“Most people think if you do what you love, success will come. This is not true. That only works if you can find a way to do what you love and get someone to pay you for it enough times that you can make a living. It’s more important to find something you can do for a living, and do it with love. Then you are guaranteed success.”
After years of being a clothing designer and film artist it dawned on me that recruiting was in fact something I had found that I could do for a living. It was my first daughter that motivated the switch, I had bigger bills to pay and travel was no longer an option.
When I recruit with love, things always blossom. Many of us end up finding work and becoming successful when we do it with love. When we stop putting love into what we do, we see the negative impact.
The approach here segues nicely into Seth Godin’s concept of being a linchpin. I’m not saying we all aspire to be linchpins, but certainly having an artful approach to your work has got to be fueled by the love you put in to it.
I quote Seth here, “Your art is what you do when no one can tell you exactly how to do it. Your art is the act of taking personal responsibility, challenging the status quo, and changing people. I call the process of doing your art ‘the work.’ It’s possible to have a job and do the work, too. In fact, that’s how you become a linchpin.”
So many of us fall into our careers. We were doing something we loved and hoped to find success, we then transitioned into the critical mass of adulthood and started to have children or interests that cost us more money than we could afford. We realized that we needed to have a more utilitarian approach. Through networking, serendipitous connections or pursuing higher education; we sought alternative places to apply our talents and we eventually started to make headway with new careers.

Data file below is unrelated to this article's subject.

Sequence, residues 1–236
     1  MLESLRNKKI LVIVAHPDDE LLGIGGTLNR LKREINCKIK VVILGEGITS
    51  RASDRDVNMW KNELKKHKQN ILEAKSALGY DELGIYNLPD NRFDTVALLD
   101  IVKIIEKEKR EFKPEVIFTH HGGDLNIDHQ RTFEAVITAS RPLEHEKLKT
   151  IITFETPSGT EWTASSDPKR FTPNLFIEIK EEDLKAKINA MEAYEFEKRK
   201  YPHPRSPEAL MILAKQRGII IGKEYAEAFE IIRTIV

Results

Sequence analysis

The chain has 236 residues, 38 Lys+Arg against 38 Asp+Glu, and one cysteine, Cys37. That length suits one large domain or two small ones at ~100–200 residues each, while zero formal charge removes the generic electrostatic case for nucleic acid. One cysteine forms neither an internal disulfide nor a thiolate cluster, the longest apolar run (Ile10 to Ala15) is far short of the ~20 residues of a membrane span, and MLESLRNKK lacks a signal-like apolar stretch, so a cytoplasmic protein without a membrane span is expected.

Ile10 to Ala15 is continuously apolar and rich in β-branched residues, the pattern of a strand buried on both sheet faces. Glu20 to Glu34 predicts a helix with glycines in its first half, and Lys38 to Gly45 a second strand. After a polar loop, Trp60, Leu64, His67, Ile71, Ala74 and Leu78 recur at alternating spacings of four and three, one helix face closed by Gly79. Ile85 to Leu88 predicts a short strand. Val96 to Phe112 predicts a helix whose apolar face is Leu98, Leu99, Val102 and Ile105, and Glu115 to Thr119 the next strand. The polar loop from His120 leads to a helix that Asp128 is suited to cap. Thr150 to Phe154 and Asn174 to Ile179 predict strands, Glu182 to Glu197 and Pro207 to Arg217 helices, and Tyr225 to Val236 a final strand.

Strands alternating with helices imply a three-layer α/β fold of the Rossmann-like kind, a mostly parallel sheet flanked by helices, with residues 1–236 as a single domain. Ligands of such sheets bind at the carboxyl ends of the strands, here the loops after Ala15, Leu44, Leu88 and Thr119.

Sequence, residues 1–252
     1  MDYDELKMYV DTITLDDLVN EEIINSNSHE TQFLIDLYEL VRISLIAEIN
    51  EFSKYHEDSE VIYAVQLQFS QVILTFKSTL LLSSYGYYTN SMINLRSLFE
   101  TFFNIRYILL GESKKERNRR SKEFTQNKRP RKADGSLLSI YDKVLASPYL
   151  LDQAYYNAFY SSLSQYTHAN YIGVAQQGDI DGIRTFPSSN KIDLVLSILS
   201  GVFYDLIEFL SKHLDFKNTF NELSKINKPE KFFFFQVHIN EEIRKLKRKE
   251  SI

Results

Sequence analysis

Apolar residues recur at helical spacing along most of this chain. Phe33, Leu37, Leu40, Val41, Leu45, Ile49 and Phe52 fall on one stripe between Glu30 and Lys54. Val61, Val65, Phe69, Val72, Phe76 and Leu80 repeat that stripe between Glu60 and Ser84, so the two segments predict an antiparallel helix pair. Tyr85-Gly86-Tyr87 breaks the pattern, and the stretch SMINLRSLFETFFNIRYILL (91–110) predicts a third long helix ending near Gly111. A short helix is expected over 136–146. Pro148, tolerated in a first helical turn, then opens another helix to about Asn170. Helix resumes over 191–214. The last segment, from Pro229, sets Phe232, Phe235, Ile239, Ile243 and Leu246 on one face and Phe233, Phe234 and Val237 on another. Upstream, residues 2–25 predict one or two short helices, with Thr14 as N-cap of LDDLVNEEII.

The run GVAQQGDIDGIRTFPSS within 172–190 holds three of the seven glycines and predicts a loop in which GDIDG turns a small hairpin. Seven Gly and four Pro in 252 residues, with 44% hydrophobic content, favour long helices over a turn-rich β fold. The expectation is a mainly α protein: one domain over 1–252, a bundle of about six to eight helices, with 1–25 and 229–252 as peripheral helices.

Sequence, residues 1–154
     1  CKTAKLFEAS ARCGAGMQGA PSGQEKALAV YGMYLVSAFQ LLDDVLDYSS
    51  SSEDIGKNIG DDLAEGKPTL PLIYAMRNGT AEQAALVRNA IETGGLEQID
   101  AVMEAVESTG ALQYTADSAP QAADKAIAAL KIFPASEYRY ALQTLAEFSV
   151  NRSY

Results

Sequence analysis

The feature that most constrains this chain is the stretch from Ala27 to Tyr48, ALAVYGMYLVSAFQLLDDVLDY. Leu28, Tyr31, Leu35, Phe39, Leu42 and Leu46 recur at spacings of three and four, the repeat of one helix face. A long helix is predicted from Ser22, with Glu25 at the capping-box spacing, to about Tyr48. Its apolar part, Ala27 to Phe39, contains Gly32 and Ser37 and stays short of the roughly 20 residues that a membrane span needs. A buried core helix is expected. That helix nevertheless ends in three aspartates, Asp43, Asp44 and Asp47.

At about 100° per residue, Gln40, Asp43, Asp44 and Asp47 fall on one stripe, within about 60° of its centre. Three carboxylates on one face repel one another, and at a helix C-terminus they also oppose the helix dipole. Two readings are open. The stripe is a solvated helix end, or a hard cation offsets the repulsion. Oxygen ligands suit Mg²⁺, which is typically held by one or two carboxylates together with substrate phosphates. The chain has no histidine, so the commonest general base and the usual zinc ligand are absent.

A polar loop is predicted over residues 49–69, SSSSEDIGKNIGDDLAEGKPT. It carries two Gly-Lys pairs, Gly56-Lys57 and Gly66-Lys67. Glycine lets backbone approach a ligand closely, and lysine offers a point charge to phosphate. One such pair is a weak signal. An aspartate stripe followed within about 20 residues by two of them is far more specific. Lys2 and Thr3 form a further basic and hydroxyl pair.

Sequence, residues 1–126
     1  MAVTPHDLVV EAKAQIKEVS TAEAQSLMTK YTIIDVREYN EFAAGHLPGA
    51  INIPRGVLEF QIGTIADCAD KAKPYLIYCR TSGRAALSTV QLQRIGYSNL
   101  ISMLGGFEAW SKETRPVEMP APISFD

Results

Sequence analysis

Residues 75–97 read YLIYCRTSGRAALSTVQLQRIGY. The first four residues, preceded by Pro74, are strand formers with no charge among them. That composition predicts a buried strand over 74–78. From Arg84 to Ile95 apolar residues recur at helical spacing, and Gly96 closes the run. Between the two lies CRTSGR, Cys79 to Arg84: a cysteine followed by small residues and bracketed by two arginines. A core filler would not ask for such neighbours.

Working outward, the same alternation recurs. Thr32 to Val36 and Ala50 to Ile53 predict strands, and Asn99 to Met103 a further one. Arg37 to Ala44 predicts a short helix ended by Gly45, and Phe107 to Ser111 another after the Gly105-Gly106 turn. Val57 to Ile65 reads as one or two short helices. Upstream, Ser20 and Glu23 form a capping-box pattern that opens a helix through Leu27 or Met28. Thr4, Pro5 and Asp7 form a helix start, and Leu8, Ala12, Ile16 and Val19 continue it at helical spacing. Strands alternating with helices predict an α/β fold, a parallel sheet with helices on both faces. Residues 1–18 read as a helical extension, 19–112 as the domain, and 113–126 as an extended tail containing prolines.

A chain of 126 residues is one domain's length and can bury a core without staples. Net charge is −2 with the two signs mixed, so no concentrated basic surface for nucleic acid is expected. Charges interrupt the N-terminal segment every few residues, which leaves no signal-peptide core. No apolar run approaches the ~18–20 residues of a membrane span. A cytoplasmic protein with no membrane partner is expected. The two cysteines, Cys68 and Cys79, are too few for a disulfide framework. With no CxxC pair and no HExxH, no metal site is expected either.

I’ve seen this transition in many professions, for example – programmers who’ve been musicians in previous lives; sales executives who were artists or actors; and digital strategists who produced films and switched to web media.
I know a lot of you out there have become successful by doing what you love, there’s a good case for that too.
When we do what we do at work with love, it’s a sure fire formula for brilliance, innovation and success.
There’s a reason that Deon Jackson’s hit song “love makes the world go round” was such a sensation in the 60′s, it continues to influence contemporary lyricists today.
Thanks to Terry for the inspiration.